Inside the Hungarian Parliament. All of our mouths dropped open when we walked in. And this was about the point when John Shea bolted down the roped-off hall, laughing hysterically, with Cam and one of the guards after him.
I asked these guards if I could take their photo and they both nodded yes as they continued marching. They even gave me a few smiles!
The view of Pest from the Buda side of the Danube, with St. Stephen’s Basilica towering above the skyline.
The Metropolitan Library in Budapest looks like a normal library from the outside and even when you go in.
But… when you take the elevator to the fourth floor, you are transported to opulent rooms covered in gold, huge chandeliers, spiral staircases and grand entrances. I think that was one of the coolest parts about Budapest: inside unsuspecting buildings are hidden gems from the Austro-Hungarian Empire.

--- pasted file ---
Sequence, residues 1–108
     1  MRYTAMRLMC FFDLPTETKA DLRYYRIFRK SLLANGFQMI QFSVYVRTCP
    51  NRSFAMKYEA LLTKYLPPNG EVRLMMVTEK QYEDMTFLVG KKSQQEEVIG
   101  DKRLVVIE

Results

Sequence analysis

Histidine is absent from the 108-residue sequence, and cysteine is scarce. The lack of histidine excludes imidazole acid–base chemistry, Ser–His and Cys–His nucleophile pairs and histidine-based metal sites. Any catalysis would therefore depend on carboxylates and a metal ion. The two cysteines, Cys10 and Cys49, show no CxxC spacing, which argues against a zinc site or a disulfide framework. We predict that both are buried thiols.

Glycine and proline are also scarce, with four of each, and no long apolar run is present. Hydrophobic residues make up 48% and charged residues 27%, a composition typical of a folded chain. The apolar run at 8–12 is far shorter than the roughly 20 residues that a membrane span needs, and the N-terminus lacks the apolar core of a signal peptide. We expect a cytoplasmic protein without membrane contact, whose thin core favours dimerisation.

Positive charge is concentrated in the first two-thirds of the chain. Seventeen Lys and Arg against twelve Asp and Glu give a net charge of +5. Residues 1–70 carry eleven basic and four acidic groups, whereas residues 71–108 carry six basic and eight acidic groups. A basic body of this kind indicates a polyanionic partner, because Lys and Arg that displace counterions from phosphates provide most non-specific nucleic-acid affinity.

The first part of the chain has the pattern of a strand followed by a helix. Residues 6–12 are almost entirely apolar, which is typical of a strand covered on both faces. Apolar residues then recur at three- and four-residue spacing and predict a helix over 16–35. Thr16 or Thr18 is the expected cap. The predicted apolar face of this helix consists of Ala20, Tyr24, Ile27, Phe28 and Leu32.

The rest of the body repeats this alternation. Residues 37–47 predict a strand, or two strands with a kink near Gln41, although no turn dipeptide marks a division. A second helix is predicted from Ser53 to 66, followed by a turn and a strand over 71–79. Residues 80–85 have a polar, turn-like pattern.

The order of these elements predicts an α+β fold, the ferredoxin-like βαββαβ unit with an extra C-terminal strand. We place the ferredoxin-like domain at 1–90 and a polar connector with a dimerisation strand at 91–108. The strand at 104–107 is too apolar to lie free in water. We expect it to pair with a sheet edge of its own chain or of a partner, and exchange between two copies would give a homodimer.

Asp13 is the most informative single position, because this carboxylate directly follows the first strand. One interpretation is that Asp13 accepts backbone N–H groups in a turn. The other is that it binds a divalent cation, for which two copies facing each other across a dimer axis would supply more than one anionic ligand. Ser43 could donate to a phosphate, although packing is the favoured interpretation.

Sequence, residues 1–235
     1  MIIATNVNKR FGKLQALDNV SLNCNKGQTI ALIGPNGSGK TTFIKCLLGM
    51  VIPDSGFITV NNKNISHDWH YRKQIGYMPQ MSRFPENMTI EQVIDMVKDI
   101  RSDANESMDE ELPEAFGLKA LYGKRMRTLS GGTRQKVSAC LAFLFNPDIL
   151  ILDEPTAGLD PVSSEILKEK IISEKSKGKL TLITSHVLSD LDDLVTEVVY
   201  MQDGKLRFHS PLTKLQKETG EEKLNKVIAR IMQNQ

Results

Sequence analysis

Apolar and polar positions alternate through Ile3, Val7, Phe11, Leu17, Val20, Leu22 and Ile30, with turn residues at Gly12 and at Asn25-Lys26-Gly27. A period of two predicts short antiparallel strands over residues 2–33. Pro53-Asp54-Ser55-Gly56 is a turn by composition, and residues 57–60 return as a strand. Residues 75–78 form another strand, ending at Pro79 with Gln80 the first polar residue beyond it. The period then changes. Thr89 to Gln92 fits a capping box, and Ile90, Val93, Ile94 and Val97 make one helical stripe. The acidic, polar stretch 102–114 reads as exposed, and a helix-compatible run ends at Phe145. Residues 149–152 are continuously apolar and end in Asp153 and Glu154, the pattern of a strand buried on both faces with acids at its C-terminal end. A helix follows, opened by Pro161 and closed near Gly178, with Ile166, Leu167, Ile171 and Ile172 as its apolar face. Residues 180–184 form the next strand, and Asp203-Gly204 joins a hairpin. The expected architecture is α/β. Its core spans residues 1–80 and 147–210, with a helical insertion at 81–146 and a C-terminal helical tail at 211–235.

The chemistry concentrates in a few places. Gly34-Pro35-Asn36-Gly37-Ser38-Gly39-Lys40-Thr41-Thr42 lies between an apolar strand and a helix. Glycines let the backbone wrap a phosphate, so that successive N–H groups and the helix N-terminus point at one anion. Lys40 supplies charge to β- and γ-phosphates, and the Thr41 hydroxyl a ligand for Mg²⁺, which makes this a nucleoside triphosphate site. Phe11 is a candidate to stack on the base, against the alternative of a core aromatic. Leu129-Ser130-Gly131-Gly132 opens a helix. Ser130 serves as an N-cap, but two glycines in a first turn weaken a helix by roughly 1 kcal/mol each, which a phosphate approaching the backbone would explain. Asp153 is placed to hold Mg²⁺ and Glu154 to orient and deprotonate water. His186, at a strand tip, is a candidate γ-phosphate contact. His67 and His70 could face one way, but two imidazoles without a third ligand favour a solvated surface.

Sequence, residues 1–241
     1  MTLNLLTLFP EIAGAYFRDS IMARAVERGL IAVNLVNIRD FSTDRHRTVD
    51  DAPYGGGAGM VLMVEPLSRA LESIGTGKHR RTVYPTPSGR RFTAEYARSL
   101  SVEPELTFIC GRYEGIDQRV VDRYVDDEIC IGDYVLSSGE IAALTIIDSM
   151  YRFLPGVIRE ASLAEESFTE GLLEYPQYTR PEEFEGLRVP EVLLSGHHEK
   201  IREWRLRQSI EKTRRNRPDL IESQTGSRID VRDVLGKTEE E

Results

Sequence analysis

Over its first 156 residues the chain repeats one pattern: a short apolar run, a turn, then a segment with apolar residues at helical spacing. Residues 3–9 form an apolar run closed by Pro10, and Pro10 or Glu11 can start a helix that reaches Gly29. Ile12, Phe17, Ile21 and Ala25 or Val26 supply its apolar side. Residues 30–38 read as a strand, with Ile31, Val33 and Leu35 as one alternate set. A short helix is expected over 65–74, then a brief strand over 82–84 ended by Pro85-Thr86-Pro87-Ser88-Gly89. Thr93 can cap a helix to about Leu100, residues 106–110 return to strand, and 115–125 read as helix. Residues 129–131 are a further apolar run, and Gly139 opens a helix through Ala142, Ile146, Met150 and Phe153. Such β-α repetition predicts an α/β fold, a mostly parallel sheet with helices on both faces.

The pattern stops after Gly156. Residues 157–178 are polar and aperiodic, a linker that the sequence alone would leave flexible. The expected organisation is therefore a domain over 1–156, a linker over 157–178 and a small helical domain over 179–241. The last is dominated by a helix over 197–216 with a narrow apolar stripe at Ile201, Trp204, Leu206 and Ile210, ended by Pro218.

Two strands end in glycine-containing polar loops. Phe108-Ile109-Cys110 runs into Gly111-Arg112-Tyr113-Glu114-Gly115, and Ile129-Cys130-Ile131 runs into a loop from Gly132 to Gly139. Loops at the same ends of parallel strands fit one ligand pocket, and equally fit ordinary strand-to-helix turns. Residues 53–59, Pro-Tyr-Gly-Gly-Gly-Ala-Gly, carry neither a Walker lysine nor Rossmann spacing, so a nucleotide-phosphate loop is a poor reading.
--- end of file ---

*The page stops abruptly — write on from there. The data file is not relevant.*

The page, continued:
Budapest was amazing to see! We really enjoyed our time together there. People were friendly and warm, we tried Hungarian goulash, chicken paprika and the famous cakes from Ruszwurm that has been around since 1827 (I stopped in and bought the kremes and marzipan cakes to take back to our hotel room with us; they were incredible!), and we also got to meet up with some of our friends who are fellow Olmsted scholars. Budapest is a really fascinating place… especially when you look at it through the lens of it’s history. A lot of the Hungarians we interacted with had lived and survived behind the Iron Curtain, through the brutality of communism and of the secret police– known for vanishing people. Their first free election was in 1990! Their warmth made that much more of an impression on us. Living and traveling in Eastern Europe is giving our children (and Cam and I, too) a daily hands-on world history lesson. They don’t understand it now, and will probably only have vague memories of all that we’re getting to do, but we’re setting a base to teach them in the future and that is something we are really excited about.